China's Foreign Aid and Government-Sponsored Investment Activities

China's Foreign Aid and Government-Sponsored Investment Activities: Scale, Content, Destinations, and Implications

Charles Wolf
Xiao Wang
Eric Warner
Copyright Date: 2013
Published by: RAND Corporation
Pages: 90
https://www.jstor.org/stable/10.7249/j.ctt5hhsbp
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  • Book Info
    China's Foreign Aid and Government-Sponsored Investment Activities
    Book Description:

    With the world’s second largest economy, China has the capacity to engage in substantial programs of development assistance and government investment in any and all of the emerging-market countries. RAND researchers assessed the scale, trends, and composition of these programs in 93 countries in six regions: Africa, Latin America, the Middle East, South Asia, Central Asia, and East Asia.

    eISBN: 978-0-8330-8328-9
    Subjects: Business, History, Sociology

Table of Contents

  1. Front Matter
    (pp. i-ii)
  2. Preface
    (pp. iii-iv)
  3. Table of Contents
    (pp. v-vi)
  4. Figures
    (pp. vii-viii)
  5. Tables
    (pp. ix-x)
  6. Summary
    (pp. xi-xvi)
  7. Acknowledgments
    (pp. xvii-xviii)
  8. Abbreviations
    (pp. xix-xx)
  9. CHAPTER ONE Introduction
    (pp. 1-2)

    As China’s economy has expanded in recent years, so, too, has its capacity to engage in substantial programs of development assistance. Its foreign aid and government-initiated investment activities have burgeoned in recent years. Yet little has been known about the extent of China’s aid activities. Thomas Lum of the Congressional Research Service (CRS) offered an initial estimate of China’s aid and government-sponsored investment activities in Africa, Latin America, and Southeast Asia.¹ We seek to build on Lum’s work by providing a more complete description of China’s foreign aid and government-sponsored investment activities in the first decade of the 21st century,...

  10. CHAPTER TWO Foreign Aid Literature Review
    (pp. 3-10)

    The literature on foreign aid is extensive; as a result, any brief review of it will cover only some of the highlights. In this chapter, we focus on concepts and definitions of foreign aid as presented by international organizations and by China, as well as other research on the linkage between foreign aid and economic growth, and previous literature on the scope and scale of China’s aid.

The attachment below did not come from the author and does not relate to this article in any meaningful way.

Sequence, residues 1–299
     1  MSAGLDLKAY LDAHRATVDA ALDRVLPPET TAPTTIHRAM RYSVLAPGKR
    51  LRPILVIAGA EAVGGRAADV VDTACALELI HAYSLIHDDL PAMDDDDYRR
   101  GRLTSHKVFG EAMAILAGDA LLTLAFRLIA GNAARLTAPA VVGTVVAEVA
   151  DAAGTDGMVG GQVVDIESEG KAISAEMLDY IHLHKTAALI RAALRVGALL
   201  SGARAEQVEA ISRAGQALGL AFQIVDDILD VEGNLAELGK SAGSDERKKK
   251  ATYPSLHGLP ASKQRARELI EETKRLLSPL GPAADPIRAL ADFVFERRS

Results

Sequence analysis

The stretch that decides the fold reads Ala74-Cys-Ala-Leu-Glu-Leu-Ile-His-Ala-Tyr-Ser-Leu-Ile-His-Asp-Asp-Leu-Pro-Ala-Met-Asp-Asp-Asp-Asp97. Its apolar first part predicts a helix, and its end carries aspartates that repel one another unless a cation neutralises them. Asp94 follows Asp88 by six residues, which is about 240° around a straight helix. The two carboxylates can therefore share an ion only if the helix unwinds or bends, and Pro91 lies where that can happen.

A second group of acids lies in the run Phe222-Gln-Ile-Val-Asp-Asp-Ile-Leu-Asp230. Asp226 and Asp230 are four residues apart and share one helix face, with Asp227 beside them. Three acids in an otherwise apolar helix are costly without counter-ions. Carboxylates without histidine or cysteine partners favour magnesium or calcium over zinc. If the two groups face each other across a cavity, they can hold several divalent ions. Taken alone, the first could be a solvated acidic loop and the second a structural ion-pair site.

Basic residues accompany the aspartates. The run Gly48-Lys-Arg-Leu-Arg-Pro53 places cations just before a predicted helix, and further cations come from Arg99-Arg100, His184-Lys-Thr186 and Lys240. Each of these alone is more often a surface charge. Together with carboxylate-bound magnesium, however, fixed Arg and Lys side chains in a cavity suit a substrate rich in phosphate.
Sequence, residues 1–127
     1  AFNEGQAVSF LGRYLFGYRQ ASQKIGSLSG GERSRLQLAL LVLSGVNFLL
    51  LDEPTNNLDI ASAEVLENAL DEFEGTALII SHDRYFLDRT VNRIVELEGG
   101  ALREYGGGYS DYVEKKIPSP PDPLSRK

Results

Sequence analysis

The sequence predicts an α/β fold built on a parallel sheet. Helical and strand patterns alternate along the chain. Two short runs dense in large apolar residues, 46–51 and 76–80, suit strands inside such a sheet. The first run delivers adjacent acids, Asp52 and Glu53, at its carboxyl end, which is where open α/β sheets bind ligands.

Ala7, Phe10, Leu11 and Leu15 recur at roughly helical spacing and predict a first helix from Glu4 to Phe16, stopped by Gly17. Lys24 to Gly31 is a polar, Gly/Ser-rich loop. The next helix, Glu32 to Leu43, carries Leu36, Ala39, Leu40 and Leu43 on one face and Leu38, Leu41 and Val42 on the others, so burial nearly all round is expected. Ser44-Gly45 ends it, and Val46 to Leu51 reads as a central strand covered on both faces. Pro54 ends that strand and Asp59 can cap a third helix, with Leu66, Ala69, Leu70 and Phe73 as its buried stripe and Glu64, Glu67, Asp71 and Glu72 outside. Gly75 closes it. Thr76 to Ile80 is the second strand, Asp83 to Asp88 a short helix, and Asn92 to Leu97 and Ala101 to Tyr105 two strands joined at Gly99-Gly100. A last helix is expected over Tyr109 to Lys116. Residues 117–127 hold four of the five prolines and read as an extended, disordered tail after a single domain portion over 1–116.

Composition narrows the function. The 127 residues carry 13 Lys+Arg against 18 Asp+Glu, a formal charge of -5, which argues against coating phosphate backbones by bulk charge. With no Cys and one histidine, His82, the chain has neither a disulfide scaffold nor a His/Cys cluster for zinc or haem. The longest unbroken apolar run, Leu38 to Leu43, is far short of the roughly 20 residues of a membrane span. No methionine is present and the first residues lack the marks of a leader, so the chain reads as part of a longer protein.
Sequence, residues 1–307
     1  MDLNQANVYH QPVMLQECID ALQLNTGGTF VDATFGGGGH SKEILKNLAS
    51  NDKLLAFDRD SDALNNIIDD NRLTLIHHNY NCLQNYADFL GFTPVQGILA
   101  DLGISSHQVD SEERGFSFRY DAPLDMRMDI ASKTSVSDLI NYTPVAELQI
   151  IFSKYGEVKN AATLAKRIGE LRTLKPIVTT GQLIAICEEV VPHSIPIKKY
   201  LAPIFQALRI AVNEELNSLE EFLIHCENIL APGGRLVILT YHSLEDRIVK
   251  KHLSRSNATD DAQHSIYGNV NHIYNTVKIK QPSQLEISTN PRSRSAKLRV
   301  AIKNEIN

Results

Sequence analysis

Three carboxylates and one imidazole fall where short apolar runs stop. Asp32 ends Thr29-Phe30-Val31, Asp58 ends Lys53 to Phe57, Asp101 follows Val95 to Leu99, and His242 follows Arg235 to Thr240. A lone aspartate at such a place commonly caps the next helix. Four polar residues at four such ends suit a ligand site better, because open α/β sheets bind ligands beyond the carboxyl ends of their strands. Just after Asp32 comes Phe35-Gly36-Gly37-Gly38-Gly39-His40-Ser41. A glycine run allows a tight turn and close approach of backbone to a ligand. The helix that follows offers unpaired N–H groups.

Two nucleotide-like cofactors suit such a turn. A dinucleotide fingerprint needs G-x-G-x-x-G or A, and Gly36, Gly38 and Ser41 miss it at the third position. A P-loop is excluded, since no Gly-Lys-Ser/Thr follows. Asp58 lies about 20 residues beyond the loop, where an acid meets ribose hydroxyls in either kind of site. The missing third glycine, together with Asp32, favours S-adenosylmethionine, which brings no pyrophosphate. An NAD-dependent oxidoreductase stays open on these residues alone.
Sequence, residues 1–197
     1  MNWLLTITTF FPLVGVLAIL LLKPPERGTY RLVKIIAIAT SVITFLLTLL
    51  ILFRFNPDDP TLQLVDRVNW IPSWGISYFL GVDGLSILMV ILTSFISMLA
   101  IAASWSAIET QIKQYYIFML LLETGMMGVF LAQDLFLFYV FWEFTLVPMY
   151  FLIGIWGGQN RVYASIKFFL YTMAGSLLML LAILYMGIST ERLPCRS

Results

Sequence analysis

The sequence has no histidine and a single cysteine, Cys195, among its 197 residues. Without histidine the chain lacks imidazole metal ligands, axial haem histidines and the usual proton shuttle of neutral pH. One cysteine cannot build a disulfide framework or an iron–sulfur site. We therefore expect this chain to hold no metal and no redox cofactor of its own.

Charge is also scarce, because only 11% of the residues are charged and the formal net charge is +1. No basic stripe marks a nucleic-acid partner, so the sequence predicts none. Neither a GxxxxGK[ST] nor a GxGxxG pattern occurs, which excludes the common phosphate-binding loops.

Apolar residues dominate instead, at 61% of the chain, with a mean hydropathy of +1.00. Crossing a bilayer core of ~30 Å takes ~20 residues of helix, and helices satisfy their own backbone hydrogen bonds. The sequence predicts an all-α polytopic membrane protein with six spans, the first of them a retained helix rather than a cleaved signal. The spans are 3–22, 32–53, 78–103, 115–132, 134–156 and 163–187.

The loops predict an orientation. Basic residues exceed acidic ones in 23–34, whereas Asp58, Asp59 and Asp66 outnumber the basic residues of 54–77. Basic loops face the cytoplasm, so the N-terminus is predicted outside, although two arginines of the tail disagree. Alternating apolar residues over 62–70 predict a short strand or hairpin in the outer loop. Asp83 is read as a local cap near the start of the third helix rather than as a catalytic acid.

The OECD defines two forms of development aid programs:

    1. Official development assistance (ODA) consists of technical aid, official grants, or loans promoting economic development and welfare, and having concessional terms, with a grant...

  11. CHAPTER THREE Structure and Management of Chinaʹs Foreign ʹAidʹ and Government-Sponsored Investment Activities
    (pp. 11-16)

    Prior to 2000, China’s FAGIA was distinctly limited in scale and content, as indeed was China’s role in the global economy. Thereafter, several factors contributed to the major changes that ensued in the scale, content, and destinations of China’s programs. As a result of its remarkably high and sustained rate of GDP growth (9–10 percent annual real rate of growth in the two preceding decades), China’s shares of global trade and of global product waxed, as did its available financial resources for aid expansion. China’s policymakers, and the successive leadership of Jiang Zemin and Zhu Rongji, and of Hu...

  12. CHAPTER FOUR Worldwide Scale, Trends, and Composition of Chinaʹs FAGIA
    (pp. 17-24)

    Although MOFCOM publishes considerable information about some of the operational details of individual assistance projects, none of this information covers their costs. Published information describes micro-details about projects relating, for example, to numbers of earth-moving equipment, forklifts, electric generators, computers, technicians, and other project personnel. But this information does not provide the market value of these project inputs—whether expressed in renminbi, dollars, or in the recipients’ own currencies.

    Part of the explanation for these anomalies may lie in an historical legacy. China’s earliest ventures in foreign development assistance occurred in the 1970s and 1980s when these programs were used...

  13. CHAPTER FIVE Chinaʹs FAGIA in Six Regions and Selected Countries
    (pp. 25-46)

    Indicative of the differing purposes and priorities that underlie China’s FAGIA programs is their respective size and project composition in six regions and the countries within them. In this chapter, we disaggregate the worldwide data among six regions: Latin America, Africa, Middle East, South Asia, Central Asia, and East Asia. For each region, we first assess the scale and trends of pledged and delivered assistance, then discuss the categories and purposes of China’s programs.

    The 14 countries in Latin America received the largest amount of aid of any region covered in this study. Latin America also received the largest share...

  14. CHAPTER SIX Inferences, Insights, and Related Issues
    (pp. 47-54)

    China’s FAGIA grew rapidly during the first decade of the 21st century, reaching a substantial level by 2011. In 2001, the pledges were slightly below $2 billion, thereafter increasing by an average amount of about $20 billion annually, and reaching a level of $189 billion in 2011. While the scale of aid deliveries also has been rising (albeit not as substantially), financial resources available to and used by China to meet these obligations have been ample. According to IMF data covering China’s capital accounts, current official transfers (including credits but excluding “exceptional financing”) have remained well above deliveries throughout the...

  15. APPENDIX A Data and Methodology
    (pp. 55-60)
  16. APPENDIX B International Monetary Fundʹs International Financial Statistics Data
    (pp. 61-66)
  17. References
    (pp. 67-70)